Amazon shares soar as earnings top expectations
Amazon shares soared Thursday after the Internet giant reported earnings that topped expectations, boosting revenue from its fresh acquisition of grocery chain Whole Foods and an expanded line-up of devices tapping into its digital assistant Alexa.
Profit for the third quarter was $256 million, up slightly from $252 million a year ago while revenue jumped 34 percent to $43.7 billion.
The Seattle-based company has grown from its online retail roots to cloud computing, streaming video, artificial intelligence and more.
Amazon shares rallied nearly eight percent to $1,050 in after hours trade on the stronger-than-expected results.
In its earnings statement Amazon's founder and chief executive Jeff Bezos focused on Amazon's fast-growing digital assistant Alexa, which is included in its connected speakers and third-party products ranging from appliances to automobiles.
"In the last month alone, we've launched five new Alexa-enabled devices, introduced Alexa in India, announced integration with BMW, surpassed 25,000 skills, integrated Alexa with Sonos speakers, taught Alexa to distinguish between two voices, and more," Bezos said.
"Customers have purchased tens of millions of Alexa-enabled devices... With thousands of developers and hardware makers building new Alexa skills and devices, the Alexa experience will continue to get even better."
Amazon said Whole Foods, the natural foods chain it acquired this year, provided $1.3 billion in revenue and $21 million in operating income for the company.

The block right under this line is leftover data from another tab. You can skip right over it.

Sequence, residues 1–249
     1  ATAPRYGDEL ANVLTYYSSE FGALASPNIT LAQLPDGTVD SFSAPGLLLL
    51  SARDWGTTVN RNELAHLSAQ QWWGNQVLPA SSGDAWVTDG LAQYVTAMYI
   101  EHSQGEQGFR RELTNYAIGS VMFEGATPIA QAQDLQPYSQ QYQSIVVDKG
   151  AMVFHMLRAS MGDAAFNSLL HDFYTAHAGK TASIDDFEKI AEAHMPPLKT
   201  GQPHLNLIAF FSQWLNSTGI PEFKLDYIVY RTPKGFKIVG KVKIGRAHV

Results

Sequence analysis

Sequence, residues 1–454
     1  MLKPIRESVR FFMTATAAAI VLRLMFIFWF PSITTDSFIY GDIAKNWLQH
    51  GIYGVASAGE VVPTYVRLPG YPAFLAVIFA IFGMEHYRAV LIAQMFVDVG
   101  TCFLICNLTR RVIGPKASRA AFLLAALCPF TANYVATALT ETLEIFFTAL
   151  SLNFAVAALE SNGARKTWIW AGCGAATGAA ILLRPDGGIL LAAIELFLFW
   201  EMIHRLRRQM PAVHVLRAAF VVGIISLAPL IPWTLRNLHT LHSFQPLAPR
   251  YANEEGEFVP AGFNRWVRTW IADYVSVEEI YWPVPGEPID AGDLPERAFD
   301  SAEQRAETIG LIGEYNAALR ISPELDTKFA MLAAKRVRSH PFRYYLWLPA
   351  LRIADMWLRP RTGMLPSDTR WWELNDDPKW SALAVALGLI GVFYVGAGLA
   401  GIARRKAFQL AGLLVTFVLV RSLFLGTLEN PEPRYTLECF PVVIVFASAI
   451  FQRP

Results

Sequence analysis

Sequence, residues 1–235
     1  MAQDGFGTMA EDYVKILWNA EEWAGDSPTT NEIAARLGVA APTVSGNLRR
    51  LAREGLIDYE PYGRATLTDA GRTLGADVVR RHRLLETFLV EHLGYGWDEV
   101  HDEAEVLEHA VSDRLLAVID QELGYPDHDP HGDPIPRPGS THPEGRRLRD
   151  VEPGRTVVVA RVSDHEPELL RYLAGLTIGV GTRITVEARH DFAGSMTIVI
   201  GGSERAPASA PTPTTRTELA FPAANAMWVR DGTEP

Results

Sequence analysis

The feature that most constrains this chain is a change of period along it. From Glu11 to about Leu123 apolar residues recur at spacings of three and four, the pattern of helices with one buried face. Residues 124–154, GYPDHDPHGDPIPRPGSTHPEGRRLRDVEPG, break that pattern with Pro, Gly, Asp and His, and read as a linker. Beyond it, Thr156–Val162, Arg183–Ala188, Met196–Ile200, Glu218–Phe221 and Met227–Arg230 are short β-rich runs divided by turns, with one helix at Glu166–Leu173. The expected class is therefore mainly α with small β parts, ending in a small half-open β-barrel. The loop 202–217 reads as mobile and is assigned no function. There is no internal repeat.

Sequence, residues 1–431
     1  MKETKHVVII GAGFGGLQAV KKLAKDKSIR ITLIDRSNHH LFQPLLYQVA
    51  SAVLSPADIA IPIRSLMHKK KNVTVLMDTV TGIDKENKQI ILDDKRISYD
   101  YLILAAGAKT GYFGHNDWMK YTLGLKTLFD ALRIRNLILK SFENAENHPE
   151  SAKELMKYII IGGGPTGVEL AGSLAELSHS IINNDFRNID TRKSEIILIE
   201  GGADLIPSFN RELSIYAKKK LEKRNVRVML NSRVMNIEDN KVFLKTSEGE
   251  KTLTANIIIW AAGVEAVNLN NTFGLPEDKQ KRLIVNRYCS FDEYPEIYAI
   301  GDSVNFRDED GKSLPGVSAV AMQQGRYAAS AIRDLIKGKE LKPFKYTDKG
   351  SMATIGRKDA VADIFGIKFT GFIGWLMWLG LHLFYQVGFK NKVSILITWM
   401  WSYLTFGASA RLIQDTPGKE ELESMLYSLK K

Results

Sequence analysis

Excluding the impact of Whole Foods, net sales were up 29 percent, Amazon said.
Its cloud computing arm Amazon Web Services accounted for $4.6 billion in revenue and $1.2 billion in operating income.
Amazon's expansion into new sectors and markets has lifted the company's share price and made Bezos one of the world's richest individuals—briefly the richest at one point, according to a Forbes survey.
Along with its growing influence, Amazon has become one of the most valuable companies on the planet alongside US tech rivals Apple, Facebook and Google parent Alphabet.
Amazon said that for the fourth quarter, it expects revenues in a range of $56 to $60.5 billion, representing growth of 28 to 38 percent compared with last year.
Independent tech analyst Rob Enderle said the fact that Amazon did so well in the quarter leading up to the prime holiday shopping season suggests the firm will "knock if off the rails" as the year comes to a close.
'In good shape'
Neil Saunders of the research firm GlobalData called the Amazon results "stellar."
He noted that Amazon has been able to drive growth from online sales with its Prime subscription service, which offers free delivery, video and other extras.
"Overall, Amazon is in very good shape," Saunders said in a research note.
As for Whole Foods, he said "it is too early to conclusively say whether this is a success story" but that "initial signs are encouraging, and our data show some very slight movements on price perception... Amazon's approach is being noticed by consumers."
The $13.7 billion acquisition of Whole Foods this year came with plans to broadly integrate its bricks-and-mortar stores into Amazon's subscription-based "Prime" program, which already grants customers free two-day shipping, access to original programming and other perks.
The companies also emphasized their determination to cut prices at a franchise that for years has had the ironic moniker of "Whole Paycheck" for its ability to induce sticker shock at the chain known for healthful and organic food.
"I think over time you'll see more cooperation and working together between AmazonFresh, Prime Now, and Whole Foods as we can explore different ways to serve the customer," Amazon chief financial officer Brian Olsavsky said during an earnings call with analysts.
© 2017 AFP